Oncology nurse navigators can improve outcomes, quality of care, and patient experience by recognizing and addressing the emotional toll that a cancer diagnosis can take on a patient, the family, and the social network. This message was made clear at the recent East Coast Regional Meeting of the Academy of Oncology Nurse & Patient Navigators.
Oncology nurses can help to guide patients to survival as they pilot the course of cancer’s emotional challenges—depression, anxiety, delirium, and other psychological sequelae, explained Carole F. Seddon, LCSW-C, BCD, OSW-C, and Laura Herald Hoofring, MSN, APRN-PMH, BC.
Both have been on the frontlines of cancer treatment and have witnessed the emotional distress experienced by cancer patients, and Ms Seddon herself is a cancer survivor.
Depression in Cancer Patients
Depression in cancer patients has many facets, causes, and effects on patient experience and outcome. The cancer diagnosis itself often induces a spectrum of difficult emotional experiences in patients that can influence outcomes.
Depression must be taken seriously as a comorbidity, explained Ms Seddon, Director of the Cancer Counseling Center, Duffey Family Patient and Family Services Program, Sidney Kimmel Comprehensive Cancer Center at Johns Hopkins Hospital, Baltimore, MD. For instance, between 1973 and 2002, patients with cancer in the United States had nearly twice the incidence of suicide as the general population. If the symptoms of depression are severe, the nurse navigator can take the following steps, among others:
- Instruct the family and patient to go to the nearest emergency department, call 911, or contact a local mobile crisis service
- Assist the patient in obtaining a referral and identify outpatient mental health services including:
- Social work, psychiatry/psychiatric liaison nurse/primary care physician
- Assist the patient in contacting his or her insurance company to locate a mental health clinic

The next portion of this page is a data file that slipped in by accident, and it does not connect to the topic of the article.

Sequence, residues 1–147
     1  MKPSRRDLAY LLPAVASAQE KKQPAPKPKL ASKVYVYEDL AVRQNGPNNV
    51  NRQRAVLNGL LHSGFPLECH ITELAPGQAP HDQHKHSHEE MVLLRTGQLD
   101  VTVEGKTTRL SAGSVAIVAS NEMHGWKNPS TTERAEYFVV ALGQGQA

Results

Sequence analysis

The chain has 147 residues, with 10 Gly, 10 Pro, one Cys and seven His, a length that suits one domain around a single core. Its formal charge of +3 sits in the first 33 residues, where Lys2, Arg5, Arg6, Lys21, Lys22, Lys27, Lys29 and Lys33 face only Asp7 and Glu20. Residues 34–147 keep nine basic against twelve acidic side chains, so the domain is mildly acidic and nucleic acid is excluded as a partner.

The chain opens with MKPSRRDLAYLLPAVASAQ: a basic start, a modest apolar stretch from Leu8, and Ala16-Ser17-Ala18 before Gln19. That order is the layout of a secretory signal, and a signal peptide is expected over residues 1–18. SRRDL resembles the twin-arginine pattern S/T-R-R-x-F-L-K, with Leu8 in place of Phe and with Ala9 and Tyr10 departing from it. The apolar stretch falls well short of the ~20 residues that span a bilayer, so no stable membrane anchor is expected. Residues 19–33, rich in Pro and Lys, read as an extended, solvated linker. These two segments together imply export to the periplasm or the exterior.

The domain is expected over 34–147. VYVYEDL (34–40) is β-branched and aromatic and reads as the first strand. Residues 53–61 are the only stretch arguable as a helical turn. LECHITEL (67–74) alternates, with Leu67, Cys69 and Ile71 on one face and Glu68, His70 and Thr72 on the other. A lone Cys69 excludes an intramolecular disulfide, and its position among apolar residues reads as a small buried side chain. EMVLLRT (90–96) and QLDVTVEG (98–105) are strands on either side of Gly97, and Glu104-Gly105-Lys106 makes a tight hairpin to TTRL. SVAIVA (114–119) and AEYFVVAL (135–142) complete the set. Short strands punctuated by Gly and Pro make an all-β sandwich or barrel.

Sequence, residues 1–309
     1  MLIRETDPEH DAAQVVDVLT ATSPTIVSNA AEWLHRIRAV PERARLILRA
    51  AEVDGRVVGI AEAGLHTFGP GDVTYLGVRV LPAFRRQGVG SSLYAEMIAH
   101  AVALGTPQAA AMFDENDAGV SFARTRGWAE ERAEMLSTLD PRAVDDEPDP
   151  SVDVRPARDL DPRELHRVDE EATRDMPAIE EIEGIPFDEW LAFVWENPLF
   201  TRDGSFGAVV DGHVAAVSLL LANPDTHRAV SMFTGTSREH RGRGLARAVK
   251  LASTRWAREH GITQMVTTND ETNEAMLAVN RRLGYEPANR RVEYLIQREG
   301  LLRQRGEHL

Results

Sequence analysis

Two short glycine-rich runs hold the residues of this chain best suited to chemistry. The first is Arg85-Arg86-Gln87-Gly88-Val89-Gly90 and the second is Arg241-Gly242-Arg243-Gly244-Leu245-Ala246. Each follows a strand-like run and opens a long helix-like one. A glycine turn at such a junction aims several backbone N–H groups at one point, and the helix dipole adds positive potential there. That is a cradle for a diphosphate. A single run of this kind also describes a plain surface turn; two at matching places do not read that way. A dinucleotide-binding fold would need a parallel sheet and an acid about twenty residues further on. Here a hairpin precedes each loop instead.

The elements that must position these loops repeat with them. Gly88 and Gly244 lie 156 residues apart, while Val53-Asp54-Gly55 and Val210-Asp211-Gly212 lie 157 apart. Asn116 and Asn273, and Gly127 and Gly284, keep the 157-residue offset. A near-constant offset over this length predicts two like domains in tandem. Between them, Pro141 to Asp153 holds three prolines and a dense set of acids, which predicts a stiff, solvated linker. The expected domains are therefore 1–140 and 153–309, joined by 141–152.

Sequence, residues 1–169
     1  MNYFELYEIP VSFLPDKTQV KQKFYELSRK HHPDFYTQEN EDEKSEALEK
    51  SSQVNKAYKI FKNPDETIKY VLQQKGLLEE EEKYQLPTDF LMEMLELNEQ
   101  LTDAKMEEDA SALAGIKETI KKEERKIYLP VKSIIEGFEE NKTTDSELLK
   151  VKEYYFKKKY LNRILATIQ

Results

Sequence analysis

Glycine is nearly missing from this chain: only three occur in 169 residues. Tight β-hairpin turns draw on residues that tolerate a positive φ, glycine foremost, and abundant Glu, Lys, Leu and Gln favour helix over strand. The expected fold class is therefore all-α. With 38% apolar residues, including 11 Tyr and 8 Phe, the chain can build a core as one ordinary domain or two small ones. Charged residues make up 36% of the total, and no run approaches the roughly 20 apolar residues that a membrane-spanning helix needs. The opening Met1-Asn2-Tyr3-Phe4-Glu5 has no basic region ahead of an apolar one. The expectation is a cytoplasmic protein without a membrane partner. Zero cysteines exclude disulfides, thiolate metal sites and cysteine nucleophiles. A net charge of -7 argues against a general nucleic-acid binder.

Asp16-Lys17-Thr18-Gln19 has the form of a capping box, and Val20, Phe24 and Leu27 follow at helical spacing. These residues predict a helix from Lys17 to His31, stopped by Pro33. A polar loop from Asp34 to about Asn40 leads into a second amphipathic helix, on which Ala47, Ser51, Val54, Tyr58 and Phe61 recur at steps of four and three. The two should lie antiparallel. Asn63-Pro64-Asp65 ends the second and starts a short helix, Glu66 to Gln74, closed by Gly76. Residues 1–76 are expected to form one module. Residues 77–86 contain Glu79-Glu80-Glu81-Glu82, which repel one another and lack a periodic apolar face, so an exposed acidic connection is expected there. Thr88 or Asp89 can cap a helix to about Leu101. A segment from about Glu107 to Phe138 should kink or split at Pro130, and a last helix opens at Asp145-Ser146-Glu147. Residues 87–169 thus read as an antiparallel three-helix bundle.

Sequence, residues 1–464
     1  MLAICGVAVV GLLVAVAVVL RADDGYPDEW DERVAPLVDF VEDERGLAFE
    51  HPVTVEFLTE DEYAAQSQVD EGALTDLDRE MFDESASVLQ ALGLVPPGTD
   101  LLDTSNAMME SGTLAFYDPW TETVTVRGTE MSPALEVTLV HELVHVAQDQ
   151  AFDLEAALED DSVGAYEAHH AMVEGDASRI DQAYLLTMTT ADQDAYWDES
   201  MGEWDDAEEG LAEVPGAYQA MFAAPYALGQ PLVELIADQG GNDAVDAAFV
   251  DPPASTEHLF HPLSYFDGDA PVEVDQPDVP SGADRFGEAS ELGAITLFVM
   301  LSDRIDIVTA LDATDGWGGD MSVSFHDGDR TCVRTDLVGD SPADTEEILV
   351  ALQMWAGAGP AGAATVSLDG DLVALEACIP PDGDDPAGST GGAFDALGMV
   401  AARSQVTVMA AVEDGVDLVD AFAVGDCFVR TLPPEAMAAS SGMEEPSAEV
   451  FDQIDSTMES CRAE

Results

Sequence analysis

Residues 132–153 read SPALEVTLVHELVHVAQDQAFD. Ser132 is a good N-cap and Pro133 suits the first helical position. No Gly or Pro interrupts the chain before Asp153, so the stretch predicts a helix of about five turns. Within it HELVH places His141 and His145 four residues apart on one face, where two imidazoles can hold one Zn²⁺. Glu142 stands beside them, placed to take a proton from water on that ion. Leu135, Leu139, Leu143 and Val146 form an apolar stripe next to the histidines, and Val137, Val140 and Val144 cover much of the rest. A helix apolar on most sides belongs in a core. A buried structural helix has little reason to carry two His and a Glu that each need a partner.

- Pain, palliative, and hospice services; a social worker, or a chaplain
- Assist the patient in managing physical symptoms and social and spiritual distress
- Encourage patients to engage in positive self-care, including activities of daily living, social activities, and exercise
- Help identify and encourage the use of complimentary activities
Most cancer patients do not experience a major depressive disorder as a result of a cancer diagnosis. Depression in cancer patients, particularly those with oropharyngeal, breast, pancreatic, or lung disease, is common, but it is not necessarily a psychiatric disorder. It is part of grief and can be a normal response to a cancer diagnosis, Ms Seddon noted.
Nurse Navigator Intervention
For patients who experience depression, nurse navigators have several tools at their disposal to help. Both psychological and medical therapies can be effective in treating depression and its causes in cancer patients. The goals of treatment, said Ms Seddon, are to improve patients’ abilities to adapt and to cope. To this end, assess the patient’s support system and determine if any red flag issues exist that indicate a lack of adaptation or coping, she said.
Adaptation is considered in terms of emotional distress, subjective quality of life, and social functioning at work and with friends and family. Psychological strategies are oriented within the framework of a self-regulation model of coping.
Coping constitutes behavior and cognitive activity, which can help the patient respond to and overcome adversity. The key ingredients in coping are optimism, practicality, flexibility, and resourcefulness. Nurse navigators can help to instill and strengthen these qualities in patients.
According to the National Comprehensive Cancer Network (NCCN), the following case characteristics put patients at greatest risk of significant depression:
- A history of a psychiatric disorder or substance abuse
- A history of depression or an attempted suicide
- Cognitive impairment
- Communication barriers
- Severe comorbid illnesses
- Social issues
- Spiritual/religious concerns
- Uncontrolled symptoms
And, according to the NCCN, the following are the points in the course of the disease at which nurse navigators can most effectively intervene:
- The patient identifies a suspicious symptom
- During diagnostic workup and diagnosis
- Awaiting treatment
- A change in treatment modality or end of treatment
- Discharge from hospital following treatment
- Transition to survivorship
- Medical follow-up and surveillance
- Treatment failure, recurrence, or progression
- Advanced disease
- Approaching the end of life
The Diagnosis and Its Challenges for Patients
Nurse navigators know that cancer is a frightening diagnosis for patients and families. Emotional distress is the norm. “The diagnosis of cancer induces stress caused by the patient’s perception of the disease,” Ms Seddon said. “Though there are other illnesses that are more difficult, cancer is perceived as a death sentence, and that’s what people think as soon as they’re diagnosed.”